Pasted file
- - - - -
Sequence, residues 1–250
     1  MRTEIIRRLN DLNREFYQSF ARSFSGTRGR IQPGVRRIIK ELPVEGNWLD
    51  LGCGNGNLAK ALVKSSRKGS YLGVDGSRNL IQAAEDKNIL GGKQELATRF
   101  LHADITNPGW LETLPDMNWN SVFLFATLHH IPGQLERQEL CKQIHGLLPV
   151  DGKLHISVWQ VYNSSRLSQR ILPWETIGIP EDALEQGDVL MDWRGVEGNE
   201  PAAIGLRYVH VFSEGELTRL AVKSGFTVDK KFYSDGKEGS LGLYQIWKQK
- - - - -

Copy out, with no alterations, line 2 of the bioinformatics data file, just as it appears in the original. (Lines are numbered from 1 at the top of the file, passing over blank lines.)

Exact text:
     1  MRTEIIRRLN DLNREFYQSF ARSFSGTRGR IQPGVRRIIK ELPVEGNWLD